Large demonstration in downtown Montreal against Quebec’s controversial French bill

Protesters took to the streets of downtown Montreal on Saturday to take part in a demonstration against Bill 96. (The Canadian Press – image credit)

The streets of downtown Montreal were flooded with protesters on Saturday as many rallied against Bill 96, the Quebec government’s proposed law to reform its Charter of the French Language.

Organized by groups that represent the province’s English-speaking community, the protest aimed to send a strong message to the majority government that the legislation as it stands is unacceptable.

“We say to the Prime Minister [François] Legault and his CAQ government [that] we are Quebecers,” said Marlene Jennings, president of the Quebec Community Groups Network.

“We cherish and support French, we want to see it protected and promoted, but not on our backs, not on our fundamental rights.”

Tabled a year ago, Bill 96 is in the final stages of adoption and is expected to be voted on in the National Assembly later this month. It would make several changes to the 1977 Charter of the French Language, also known as Bill 101, strengthening the status of French in “all spheres of society”.

The Canadian Press

The Canadian Press

Despite the sweltering heat, protesters took off from Dawson College at 10:30 a.m. and marched just under two kilometers to the Montreal offices of Quebec Premier Francois Legault at the corner of Sherbrooke and McGill College Avenue.

Signs reading “Is there room for me in Quebec?” and “Protect French, but not at the expense of English rights” were seen among the crowd.

While many protesters agreed that French should be protected in the province, they said the law would restrict access to education, health care and justice for those whose first language is not French.

“Additional Burden on Our People,” Says Indigenous Activist

Proposed changes to the charter include requiring newcomers to Quebec to receive government services exclusively in French after six months in the province – what many have called an unrealistic schedule to learn a new language.

An amendment to the bill also passed recently would require students in English-language CEGEPs to take three additional courses in French — with no exemption for Indigenous students.

Kenneth Deer of the Kanienʼkehá꞉ka (Mohawk) Nation of Kahnawake called the decision colonial and insensitive.

“We are struggling to keep our own language alive, so Bill 96 places an additional burden on our people,” he said.

“Our priority is for our people to learn Mohawk.”

Rowan Kennedy/CBC News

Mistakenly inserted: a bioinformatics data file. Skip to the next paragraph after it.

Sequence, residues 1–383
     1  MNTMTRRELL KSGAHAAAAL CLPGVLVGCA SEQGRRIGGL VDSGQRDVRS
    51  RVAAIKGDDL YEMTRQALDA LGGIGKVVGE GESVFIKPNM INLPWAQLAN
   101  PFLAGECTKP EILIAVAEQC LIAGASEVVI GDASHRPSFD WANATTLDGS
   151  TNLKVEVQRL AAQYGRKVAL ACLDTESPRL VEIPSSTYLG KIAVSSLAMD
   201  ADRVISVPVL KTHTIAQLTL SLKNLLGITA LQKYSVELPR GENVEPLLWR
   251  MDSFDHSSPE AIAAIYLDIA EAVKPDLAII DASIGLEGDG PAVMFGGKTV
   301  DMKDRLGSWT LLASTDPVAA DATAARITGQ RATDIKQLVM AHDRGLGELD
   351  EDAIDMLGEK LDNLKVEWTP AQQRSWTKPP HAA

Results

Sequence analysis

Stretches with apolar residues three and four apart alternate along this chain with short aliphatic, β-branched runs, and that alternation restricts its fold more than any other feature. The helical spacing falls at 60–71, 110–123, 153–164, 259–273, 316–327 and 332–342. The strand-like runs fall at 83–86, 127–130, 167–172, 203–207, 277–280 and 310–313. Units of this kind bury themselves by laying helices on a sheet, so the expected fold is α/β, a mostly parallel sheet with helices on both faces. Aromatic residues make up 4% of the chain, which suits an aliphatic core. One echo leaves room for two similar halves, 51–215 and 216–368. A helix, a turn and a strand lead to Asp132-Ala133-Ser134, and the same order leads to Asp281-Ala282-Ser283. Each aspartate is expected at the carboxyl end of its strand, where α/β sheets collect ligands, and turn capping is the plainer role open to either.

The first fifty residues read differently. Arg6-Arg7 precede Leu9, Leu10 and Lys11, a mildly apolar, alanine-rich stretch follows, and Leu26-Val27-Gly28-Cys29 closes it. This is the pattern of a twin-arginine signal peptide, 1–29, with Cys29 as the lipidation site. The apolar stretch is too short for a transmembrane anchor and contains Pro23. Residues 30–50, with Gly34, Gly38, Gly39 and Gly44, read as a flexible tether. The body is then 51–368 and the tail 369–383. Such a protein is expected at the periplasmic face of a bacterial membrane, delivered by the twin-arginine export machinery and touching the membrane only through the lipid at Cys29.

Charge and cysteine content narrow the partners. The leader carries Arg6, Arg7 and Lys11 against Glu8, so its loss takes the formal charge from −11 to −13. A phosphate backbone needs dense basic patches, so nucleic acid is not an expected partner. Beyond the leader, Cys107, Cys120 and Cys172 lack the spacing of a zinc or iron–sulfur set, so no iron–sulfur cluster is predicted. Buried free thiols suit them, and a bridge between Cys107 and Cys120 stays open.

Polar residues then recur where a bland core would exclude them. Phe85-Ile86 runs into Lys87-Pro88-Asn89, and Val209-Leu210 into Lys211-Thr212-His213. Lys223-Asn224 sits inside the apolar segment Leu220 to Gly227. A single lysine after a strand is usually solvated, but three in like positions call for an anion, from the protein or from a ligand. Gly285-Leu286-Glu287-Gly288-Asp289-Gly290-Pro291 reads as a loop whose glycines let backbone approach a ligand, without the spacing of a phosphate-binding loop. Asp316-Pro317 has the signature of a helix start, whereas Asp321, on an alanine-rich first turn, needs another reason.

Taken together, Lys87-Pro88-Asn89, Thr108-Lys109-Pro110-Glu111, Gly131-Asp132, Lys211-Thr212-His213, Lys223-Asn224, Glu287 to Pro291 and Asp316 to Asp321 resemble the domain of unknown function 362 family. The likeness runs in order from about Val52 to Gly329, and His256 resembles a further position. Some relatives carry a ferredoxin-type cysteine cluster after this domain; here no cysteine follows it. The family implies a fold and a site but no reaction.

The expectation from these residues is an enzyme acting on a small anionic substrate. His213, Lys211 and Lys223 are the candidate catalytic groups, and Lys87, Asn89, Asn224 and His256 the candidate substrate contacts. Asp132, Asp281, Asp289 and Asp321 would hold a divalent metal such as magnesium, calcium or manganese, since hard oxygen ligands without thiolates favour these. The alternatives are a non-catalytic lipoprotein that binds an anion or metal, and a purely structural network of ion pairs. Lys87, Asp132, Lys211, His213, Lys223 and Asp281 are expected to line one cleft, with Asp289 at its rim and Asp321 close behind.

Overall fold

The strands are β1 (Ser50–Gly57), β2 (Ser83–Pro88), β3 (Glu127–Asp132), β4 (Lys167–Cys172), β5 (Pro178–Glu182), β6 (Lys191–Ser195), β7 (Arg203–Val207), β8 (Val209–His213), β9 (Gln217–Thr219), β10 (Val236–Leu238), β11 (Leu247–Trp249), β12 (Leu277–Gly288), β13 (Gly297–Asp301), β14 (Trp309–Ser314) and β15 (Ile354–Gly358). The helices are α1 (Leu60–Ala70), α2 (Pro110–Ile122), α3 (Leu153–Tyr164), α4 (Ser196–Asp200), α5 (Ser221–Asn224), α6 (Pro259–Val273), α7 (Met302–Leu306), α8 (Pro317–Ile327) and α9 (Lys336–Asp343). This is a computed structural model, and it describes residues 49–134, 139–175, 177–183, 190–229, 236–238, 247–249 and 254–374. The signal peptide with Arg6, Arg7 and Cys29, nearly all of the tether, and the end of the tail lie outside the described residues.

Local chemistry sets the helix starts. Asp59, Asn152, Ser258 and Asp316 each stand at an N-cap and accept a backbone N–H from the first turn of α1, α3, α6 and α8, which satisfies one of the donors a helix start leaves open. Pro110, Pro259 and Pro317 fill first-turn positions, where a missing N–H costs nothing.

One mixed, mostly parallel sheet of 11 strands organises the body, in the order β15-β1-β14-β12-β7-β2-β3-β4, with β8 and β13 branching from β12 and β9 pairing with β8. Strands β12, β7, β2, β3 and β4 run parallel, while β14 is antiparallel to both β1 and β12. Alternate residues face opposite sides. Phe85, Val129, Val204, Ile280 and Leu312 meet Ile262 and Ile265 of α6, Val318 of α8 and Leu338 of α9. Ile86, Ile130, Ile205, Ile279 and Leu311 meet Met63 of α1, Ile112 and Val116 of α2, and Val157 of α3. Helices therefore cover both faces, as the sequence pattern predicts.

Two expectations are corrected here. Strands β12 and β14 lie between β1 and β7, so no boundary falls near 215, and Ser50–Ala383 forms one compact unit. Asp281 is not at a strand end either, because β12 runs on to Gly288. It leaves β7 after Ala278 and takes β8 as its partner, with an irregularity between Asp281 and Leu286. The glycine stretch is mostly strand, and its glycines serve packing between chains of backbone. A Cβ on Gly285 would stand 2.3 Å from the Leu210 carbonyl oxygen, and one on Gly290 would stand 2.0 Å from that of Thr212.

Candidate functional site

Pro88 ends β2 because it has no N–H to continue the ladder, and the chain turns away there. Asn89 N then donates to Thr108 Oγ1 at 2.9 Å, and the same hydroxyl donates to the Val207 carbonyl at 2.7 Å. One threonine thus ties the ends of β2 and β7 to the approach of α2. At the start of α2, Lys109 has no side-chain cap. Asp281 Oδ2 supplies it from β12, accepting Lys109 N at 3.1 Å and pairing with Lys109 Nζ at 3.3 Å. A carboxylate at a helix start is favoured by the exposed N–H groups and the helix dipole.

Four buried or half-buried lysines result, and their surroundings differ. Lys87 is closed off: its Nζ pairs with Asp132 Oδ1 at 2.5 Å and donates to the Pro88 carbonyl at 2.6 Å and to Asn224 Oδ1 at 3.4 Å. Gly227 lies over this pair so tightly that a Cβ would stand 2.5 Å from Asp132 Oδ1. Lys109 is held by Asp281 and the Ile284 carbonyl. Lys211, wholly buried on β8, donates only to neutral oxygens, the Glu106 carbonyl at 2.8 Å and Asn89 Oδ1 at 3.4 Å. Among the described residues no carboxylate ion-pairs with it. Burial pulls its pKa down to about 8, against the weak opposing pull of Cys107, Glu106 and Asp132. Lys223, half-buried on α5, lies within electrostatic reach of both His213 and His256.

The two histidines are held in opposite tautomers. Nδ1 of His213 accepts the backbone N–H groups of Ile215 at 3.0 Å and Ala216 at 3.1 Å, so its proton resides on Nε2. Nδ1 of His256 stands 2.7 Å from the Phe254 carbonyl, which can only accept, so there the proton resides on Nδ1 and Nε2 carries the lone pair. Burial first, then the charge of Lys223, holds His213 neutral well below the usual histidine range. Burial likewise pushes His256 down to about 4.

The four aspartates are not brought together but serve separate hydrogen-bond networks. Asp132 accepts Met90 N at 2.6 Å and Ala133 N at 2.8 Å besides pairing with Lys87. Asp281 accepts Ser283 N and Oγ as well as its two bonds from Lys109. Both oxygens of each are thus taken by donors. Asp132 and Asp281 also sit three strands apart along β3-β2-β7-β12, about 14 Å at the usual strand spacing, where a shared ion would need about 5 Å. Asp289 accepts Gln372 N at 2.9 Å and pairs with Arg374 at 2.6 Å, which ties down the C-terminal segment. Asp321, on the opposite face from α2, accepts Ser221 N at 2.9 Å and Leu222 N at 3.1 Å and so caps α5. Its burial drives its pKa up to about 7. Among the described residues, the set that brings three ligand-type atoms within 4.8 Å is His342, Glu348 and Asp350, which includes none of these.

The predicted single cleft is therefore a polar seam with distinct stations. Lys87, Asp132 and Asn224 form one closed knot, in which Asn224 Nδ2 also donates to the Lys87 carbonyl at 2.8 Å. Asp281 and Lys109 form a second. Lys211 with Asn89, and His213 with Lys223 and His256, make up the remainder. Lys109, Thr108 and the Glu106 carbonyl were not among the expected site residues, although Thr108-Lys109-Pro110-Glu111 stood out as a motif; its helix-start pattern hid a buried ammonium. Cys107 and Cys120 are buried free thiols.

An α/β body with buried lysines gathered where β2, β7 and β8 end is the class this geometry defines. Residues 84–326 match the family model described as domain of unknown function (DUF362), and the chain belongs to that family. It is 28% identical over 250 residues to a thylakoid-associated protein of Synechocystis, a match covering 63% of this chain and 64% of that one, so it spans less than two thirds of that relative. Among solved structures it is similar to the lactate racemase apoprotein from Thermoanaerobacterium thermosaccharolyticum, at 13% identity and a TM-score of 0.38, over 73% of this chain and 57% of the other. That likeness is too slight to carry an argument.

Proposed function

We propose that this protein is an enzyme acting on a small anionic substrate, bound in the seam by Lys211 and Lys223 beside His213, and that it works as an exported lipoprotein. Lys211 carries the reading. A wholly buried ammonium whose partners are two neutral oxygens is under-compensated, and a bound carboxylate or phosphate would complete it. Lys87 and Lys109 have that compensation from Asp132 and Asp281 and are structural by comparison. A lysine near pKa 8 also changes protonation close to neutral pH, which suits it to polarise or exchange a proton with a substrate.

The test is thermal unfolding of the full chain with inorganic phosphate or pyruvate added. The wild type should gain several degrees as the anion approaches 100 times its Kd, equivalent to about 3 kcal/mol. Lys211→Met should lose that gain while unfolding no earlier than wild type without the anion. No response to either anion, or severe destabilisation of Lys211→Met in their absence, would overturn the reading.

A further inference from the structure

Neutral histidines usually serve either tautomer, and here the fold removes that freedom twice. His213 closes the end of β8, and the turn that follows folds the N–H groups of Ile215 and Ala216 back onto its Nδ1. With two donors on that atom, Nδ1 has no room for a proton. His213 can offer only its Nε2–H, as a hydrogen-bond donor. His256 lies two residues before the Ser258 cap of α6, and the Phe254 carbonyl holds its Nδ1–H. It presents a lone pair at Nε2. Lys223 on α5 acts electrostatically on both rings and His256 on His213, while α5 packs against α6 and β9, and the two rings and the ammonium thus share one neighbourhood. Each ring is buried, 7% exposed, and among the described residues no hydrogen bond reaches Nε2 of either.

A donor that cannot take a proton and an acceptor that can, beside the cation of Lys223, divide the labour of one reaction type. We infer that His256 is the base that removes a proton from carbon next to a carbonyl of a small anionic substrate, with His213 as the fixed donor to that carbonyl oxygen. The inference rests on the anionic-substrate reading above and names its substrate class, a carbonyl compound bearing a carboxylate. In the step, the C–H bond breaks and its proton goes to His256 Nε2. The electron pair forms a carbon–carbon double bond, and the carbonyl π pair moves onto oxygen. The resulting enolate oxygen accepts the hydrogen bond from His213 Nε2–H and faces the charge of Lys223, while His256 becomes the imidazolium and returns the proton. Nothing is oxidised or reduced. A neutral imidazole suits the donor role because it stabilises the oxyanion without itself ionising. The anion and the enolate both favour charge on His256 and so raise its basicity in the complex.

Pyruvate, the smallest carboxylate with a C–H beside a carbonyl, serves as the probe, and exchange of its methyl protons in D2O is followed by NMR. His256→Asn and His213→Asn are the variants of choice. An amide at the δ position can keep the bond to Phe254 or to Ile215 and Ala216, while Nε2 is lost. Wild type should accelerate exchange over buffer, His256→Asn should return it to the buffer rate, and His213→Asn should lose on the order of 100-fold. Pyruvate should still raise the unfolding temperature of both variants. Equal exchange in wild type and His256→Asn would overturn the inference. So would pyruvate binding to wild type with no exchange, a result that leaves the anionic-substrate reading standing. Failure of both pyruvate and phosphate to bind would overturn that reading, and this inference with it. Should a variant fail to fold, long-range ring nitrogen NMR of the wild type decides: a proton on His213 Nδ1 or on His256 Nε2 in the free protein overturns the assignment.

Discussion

Rowan Kennedy/CBC News

To ensure that French is “the official and common language of Quebec”, the government would also impose new obligations related to the use of French in companies with 25 to 49 employees, would limit the use of English in courts and public services, granting warrantless search and seizure powers to Quebec’s language regulator, and limiting enrollment in English-language CEGEPs to prevent more students in French-language schools from moving to English section.

Quebec Liberal Party leader Dominique Anglade took part in the protest on Saturday, saying there are better ways to strengthen the French language than to create a division among Quebecers.

“We are very aware of the importance of the French language, the importance of its protection, of its promotion,” Anglade said.

“But it has to be done in an inclusive way, for all Quebecers, and that’s not what Bill 96 does right now.”

The minister responsible for the French language in Quebec, Simon Jolin-Barrette, vigorously defended Bill 96 in the face of criticism, as did Legault, who called it reasonable, balanced and necessary “to ensure adequate protection of the French language “. “

The government has preemptively invoked the notwithstanding clause, which will limit the possibility of a legal challenge to the law.

Despite Legault’s assurances that the rights of Anglophones will be protected, Kiana Lalavie, a student at Dawson College, worries about how extra French classes at Anglophone CEGEPs could affect international students and newcomers to Quebec.

“They don’t have English rights,” she said. “Their R-score would go down, their opportunities in life would be limited, and they wouldn’t be able to access programs of their choice.”

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